Pest mouse

How can anybody want to kill a lovely, little, curious, mouse, like this? But do you want them in your kitchen, and scurrying in the walls? Ethics! Not easy.

Finally, many years later, I migrated to applied mathematics, which could actually save the lives of millions of laboratory animals (and cultured cells) through the avoidance of unnecessary experimentation. Selling this idea was not easy, but my ‘soul’ was happy.

Think more, experiment less, is my mantra, today.

Was I a mouse assassin? Yes!

Was it easy? No!

Is it necessary? Yes, but less or none would both be good.

Are there easy answers to chemical safety?

Absolutely not, but trying to avoid the 1/1,000,000 risk is crazy – we really need to focus on avoiding a repeat of thalidomide, but that’s another story.

Life is full of hard choices. I said to Claire, “Well, it was the mice or my kids [you have to test the dangers of things, somehow].” Her reply, “The kids of course!” Langue dans la joue, I’m sure.

PS It is easy to have a black and white attitude to difficult ethical issues, if you don’t want to think about them deeply. Everything we do is a tradeoff, to some extent.

Choose wisely, Claire! Come by for coffee, and we can talk about it. Only $20!


FitOldDog, with his kids, when he became a mouse assassin. What to do?



  1. So as a matter of black and white all is grey and no issues are black and white?

    • No! There are black aspects, white aspects, and grey aspects, according to the consciousness making the judgement. So, somewhere out there are some of each.

      • Claire Cubells says

        Tu m’as bien fait rire, avec ton excellent extrait des Monty Pythons!
        Et pourquoi donc avais tu décide que tu voulais travailler dans un pays francophone?
        Mon appellation ‘assassin de petites souris’ était un clin d’œil : je me souviens qu’un de mes frères et sœur je crois, t’avait demande ce que tu faisais comme boulot, et tu avais répondu, avec un charmant petit accent anglais/British ‘: ‘moi, je suis tueur de petites souris’.
        A part ca, je n’ai pas grand chose à dire sur les questions éthiques que tu soulèves ; pour ma part, je travaille avec des gens, et la question des animaux et de l’expérimentation est assez loin de mes préoccupations.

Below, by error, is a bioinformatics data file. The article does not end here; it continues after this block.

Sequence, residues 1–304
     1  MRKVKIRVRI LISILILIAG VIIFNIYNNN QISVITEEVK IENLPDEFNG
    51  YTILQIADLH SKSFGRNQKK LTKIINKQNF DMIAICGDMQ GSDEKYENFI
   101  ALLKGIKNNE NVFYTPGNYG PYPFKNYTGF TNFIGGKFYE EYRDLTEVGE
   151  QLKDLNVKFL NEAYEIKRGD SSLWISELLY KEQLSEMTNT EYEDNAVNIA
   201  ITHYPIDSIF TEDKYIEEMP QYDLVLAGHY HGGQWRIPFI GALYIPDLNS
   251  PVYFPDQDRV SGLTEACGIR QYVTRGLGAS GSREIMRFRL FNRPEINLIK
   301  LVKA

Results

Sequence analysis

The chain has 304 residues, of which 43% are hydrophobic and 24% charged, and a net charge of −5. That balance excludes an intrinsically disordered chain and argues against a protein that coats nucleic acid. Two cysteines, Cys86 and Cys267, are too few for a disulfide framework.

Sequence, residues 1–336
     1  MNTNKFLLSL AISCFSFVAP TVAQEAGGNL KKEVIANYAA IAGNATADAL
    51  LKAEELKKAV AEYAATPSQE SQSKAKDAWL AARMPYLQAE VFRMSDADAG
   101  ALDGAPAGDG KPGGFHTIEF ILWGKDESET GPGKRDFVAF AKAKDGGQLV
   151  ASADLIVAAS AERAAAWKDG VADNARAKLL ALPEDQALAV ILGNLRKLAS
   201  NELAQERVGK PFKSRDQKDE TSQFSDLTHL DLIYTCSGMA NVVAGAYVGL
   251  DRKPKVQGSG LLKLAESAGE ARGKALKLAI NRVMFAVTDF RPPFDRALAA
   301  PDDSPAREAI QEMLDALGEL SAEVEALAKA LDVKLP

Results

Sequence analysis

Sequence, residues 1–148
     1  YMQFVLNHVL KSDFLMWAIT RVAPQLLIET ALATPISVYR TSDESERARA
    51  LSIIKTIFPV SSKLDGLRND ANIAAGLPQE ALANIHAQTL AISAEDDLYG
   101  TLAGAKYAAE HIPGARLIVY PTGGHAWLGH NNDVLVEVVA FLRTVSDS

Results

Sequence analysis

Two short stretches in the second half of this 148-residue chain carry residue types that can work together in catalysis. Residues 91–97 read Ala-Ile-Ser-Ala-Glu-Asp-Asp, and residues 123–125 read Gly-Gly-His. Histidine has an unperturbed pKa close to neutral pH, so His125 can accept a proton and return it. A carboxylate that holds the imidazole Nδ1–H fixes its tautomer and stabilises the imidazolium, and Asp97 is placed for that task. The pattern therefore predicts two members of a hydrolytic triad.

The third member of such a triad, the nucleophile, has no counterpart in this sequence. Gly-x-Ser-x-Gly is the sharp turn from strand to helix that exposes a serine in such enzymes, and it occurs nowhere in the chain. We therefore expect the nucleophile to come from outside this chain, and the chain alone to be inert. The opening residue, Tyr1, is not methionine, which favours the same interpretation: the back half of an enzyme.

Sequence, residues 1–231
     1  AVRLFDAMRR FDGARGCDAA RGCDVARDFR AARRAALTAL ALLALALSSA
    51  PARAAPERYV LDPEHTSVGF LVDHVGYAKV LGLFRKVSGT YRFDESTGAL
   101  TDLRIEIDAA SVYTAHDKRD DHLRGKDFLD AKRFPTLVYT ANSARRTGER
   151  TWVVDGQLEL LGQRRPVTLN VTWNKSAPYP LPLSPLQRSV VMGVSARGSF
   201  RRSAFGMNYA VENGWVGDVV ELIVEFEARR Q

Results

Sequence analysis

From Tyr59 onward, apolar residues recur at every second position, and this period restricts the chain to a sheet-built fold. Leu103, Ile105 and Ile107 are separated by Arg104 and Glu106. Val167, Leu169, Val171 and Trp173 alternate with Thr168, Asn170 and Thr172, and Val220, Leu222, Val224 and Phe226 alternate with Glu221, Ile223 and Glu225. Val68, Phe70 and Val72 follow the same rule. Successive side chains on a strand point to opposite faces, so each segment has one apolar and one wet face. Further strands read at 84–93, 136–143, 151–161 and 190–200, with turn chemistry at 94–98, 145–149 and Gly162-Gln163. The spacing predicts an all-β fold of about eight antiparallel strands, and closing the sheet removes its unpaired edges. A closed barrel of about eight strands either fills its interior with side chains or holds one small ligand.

En ce qui concerne le choix de vivre aux US ou en Europe, nous avons clairement fait des choix différents ; je mentionnais à Meghan et Duncan dans un post , que j’écoutais France Inter ce matin en allant au boulot ; Wim Wender y était interviewé (au sujet de son film documentaire sur le photographe Sebastao Salgado, qui d’ailleurs a fait de somptueuses photos d’animaux). Wenders donc, disait qu’après avoir vécu 15 ans aux US, il était rentré et s’etait rendu compte que sa ‘patrie’ était l’Europe . Il insistait sur le fait qu’il se sentait européen, et non pas allemand. C’est un peu pareil en ce qui me concerne ; quand on est rentres à Paris après avoir vécu en Californie , je me suis dit que c’était en Europe que je me sentait bien ‘en profondeur’ ; j’aimerais découvrir l’Amérique latine, j’imagine que la bas aussi, je pourrais me sentir bien.Voili-voila, c’est tout pour l’instant,
        Bise, claire
        Ps : j’ai pas compris l’histoire des $20???

        • Les vingt dollars, c’est une blague. S’ll faut l’expliquer, ca ne marcherait plus.
          Nous nous some rentrees en Suisse, apres deux ans en Arkansas (ou j’ai fais ta connaisance; quelle bonne chance); avant trois semaines d’arrivant a Geneve, c’etait evident que les Etats Unis nous manques. Ice, c’est chez moi, maintenant. Il y a de la place, c’est tous. Bises, kevin

      • Sounds like you are being black and white with this reply to me!

  2. I dont like any creature to be killed and did try to save, err, get out of the house, the mouse my cat brought indoors for his amusement.

    • Hi Marsha! We were infested once – it was terrible, and there was no choice. The whole house smelt of methyl acetamide (aka ethenamide), the lovely smell of mice. Droppings all over the place. I tried live traps, took them miles away, and more came in. We had no choice, especially with the risks of hantavirus, but to have them exterminated. They got the message, never (so far, 5 years later) to return, but I hated doing it. They are really cute, intelligent creatures, unlike humans, I guess. Cheers, Kevin

Speak Your Mind


This site uses Akismet to reduce spam. Learn how your comment data is processed.

Disclaimer: As a veterinarian, I do not provide medical advice for human animals. If you undertake or modify an exercise program, consult your medical advisors before doing so. Undertaking activities pursued by the author does not mean that he endorses your undertaking such activities, which is clearly your decision and responsibility. Be careful and sensible, please.